The allied players, each controlling two separate nations with its own production value and factories must consolidate what is left after the initial Japanese attack and work their way through the occupied islands methodically. Both sides really heavily on transport ships to carry their troops from the home region to the front or areas that need strengthening and each player would do best to group his ships into fleets to increase the survival rate of the transports and troops carried by them.

The gameplay is streamlined but offers a lot of tactical options, from both units and the map regions themselves. The map will initially be cluttered in small armies but after the first turn most regions will have been swept clean. To make movement of large groups of units easy you are given grey and red markers to place beneath each unit type in your army. The grey markers are equal to 1 unit, and the red are equal to 5. You then add the unit standing on top of the markers to their numbers. A model standing on 2 grey markers equals an army worth of 3 such models. With ships it is slightly different, you are still using the red and grey markers – but can also make use of task force markers if your fleet is very large to make movement of the fleet easier. You simply pick a task force marker, place your nation symbol on top of it and then place all your ships in that fleet on a task force card that shares the same number as the task force marker.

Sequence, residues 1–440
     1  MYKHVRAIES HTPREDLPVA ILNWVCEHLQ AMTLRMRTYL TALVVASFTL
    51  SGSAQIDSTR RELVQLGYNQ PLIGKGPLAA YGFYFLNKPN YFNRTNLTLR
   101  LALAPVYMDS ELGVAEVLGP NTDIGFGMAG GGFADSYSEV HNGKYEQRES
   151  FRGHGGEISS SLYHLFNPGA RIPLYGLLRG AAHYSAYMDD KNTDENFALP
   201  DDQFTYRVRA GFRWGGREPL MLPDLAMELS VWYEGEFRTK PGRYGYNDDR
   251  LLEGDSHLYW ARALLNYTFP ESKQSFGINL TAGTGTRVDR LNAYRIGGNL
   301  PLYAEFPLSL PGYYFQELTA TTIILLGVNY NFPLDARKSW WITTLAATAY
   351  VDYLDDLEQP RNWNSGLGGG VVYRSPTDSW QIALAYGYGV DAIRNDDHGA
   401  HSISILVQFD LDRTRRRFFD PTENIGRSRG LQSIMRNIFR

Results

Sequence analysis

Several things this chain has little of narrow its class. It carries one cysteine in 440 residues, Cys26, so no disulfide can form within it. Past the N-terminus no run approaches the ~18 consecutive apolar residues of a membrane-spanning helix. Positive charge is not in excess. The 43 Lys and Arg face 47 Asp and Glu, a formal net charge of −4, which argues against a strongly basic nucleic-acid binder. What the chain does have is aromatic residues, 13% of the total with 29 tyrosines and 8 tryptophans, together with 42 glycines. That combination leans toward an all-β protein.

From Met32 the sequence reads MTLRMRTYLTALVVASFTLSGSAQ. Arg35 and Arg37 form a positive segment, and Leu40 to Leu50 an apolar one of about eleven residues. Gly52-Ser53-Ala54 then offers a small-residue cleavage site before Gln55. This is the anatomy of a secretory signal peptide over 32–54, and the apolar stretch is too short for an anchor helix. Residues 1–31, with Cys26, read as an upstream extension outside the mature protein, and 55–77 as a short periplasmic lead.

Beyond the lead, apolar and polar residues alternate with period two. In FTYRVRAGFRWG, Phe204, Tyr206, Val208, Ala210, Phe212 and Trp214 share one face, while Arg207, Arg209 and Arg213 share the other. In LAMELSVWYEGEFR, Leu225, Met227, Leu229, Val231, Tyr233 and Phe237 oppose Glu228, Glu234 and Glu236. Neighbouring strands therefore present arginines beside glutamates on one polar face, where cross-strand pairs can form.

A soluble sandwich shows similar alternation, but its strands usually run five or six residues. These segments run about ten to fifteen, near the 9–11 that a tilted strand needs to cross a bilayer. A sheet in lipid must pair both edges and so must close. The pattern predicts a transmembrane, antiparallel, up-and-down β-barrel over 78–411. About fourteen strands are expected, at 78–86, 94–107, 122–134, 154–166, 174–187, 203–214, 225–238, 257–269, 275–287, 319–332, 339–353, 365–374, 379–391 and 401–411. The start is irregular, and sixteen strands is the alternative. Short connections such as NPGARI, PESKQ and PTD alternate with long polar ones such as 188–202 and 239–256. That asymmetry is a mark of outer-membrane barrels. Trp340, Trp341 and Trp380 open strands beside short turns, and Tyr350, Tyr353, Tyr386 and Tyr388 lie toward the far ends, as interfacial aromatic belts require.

The game has a few special rules that can take a little while to read into and master, but it is not a difficult game to get into. The game time should be around 3 hours including setup time if you have played it once or twice. It may take a little longer to set up the game the first time before you are familiar with all the region names and their locations. It’s not often that a boardgame works well with just 2 people, but this one does so quite well.  If you liked Axis & Allies 1942 and want a more focused campaign game this game will likely suit you. If you have not played any A&A game previous to this one this game will offer a great time nonetheless.